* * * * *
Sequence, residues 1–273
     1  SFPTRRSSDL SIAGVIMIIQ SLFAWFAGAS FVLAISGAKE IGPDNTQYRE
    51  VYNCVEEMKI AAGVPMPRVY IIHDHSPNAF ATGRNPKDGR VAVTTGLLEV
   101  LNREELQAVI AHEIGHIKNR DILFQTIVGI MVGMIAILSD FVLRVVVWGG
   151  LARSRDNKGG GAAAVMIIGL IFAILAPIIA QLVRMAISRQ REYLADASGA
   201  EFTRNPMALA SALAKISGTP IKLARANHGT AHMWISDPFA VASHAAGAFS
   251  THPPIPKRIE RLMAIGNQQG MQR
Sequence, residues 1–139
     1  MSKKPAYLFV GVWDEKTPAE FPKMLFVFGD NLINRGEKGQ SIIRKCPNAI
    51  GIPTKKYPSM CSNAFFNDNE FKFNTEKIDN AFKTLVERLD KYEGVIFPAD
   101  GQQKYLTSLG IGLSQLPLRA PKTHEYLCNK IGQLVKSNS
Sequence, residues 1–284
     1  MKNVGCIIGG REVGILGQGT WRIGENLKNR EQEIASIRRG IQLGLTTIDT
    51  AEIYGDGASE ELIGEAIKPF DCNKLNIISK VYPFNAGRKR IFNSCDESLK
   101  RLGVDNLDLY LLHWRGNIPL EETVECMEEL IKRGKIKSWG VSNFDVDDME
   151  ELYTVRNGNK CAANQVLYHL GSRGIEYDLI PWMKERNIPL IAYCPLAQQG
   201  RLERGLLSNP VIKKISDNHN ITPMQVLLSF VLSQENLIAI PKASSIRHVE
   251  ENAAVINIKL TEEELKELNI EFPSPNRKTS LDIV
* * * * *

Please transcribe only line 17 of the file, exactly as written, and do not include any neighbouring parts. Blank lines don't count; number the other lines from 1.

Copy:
   201  RLERGLLSNP VIKKISDNHN ITPMQVLLSF VLSQENLIAI PKASSIRHVE